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Obama vows greater military presence on Warsaw visit

Text by News Wires

Latest update : 2011-05-28

US President Barack Obama hailed Poland as a model of peaceful democratic transition on a visit to Warsaw Saturday and expressed support for meeting regional threats to Polish security, including a greater US military presence in the country.

AP - Polish leaders praised President Barack Obama on Saturday for pushing ahead on issues of key importance to Warsaw: establishing a U.S. military presence in this central European country and making it easier for Poles to visit the United States.

As Obama wrapped up his first visit to Poland, the White House said the U.S. plans to establish an Air Force detachment of U.S. F-16 fighter jets and C-130 Hercules aircraft in Poland in 2013.
“I believe a new stage is opening in Polish-U.S. relations, also in the area of the U.S. military presence in Poland,” Polish President Bronislaw Komorowski said in an interview after Obama’s visit.
Poland and the U.S. are NATO allies and already cooperate closely, but Poland wants a stronger U.S. military presence on its soil as a way of enhancing its security.
“The order of magnitude is not really large, but the gesture is very significant,” Polish Prime Minister Donald Tusk said at a joint news conference with Obama.
An analyst said having American “boots on the ground” has as symbolic aspect but that its importance goes beyond that. “It means the commitment is larger than the commitment through NATO,” said Marcin Zaborowski, director of the Polish Institute of International Affairs.
Obama also said he backs legislation sponsored by several members of the U.S. Congress that could ease travel restrictions for Poles – a key issue in Polish-U.S. ties.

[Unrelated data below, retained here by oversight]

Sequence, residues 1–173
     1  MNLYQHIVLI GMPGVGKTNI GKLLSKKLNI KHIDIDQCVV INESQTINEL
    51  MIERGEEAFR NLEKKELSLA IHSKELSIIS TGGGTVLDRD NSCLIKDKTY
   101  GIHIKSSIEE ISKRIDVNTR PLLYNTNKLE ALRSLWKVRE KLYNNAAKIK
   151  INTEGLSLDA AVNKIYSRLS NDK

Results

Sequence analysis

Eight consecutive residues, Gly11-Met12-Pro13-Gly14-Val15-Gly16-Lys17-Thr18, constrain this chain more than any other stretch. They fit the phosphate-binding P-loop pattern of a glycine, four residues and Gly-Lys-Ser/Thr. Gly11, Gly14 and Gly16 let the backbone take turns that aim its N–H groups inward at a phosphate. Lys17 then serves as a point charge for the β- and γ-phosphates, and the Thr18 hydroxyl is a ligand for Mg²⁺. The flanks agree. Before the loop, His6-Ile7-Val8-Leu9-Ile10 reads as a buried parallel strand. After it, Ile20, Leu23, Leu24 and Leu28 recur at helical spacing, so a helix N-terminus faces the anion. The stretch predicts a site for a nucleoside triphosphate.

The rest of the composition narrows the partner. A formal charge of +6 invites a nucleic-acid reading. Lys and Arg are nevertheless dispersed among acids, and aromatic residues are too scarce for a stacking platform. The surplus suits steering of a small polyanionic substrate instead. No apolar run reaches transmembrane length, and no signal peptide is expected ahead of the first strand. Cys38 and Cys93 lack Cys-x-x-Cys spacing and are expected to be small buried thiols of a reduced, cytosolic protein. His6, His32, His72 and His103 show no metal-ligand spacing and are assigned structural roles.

Obama noted that Poland currently does not meet criteria to enter the visa waiver system, and that “I could not simply waive the law.” But he said the legislation he backs would change the criteria and should “resolve this issue in a way that is satisfactory to Poland but also meets the security concerns of the United States.”
To a Polish reporter who asked when Poles could expect to shop on Fifth Avenue in New York, Obama said: “We very much want you to shop on Fifth Avenue and anywhere else in the United States.”
President Komorowski said he felt “great satisfaction” that Obama presented “specific ideas for solving this problem that unnecessarily burdens Polish-American relations.”
Currently, Poles must have a visa to enter the United States, a source of much dissatisfaction for years now. Many Poles feel they should have earned the right to visa-free travel to the U.S. given the nation’s strong alliance with the U.S. and its support for the wars in Iraq and Afghanistan.
“The issue of visas exemplifies that there is a lack of reciprocity in this relationship. ... If you can’t travel there (without a visa) you feel kind of humiliated,” said Zaborowski. He added that while Poles will welcome Obama’s promise to push the matter in Congress, ultimately Poles will judge him on the results.


Date created : 2011-05-28


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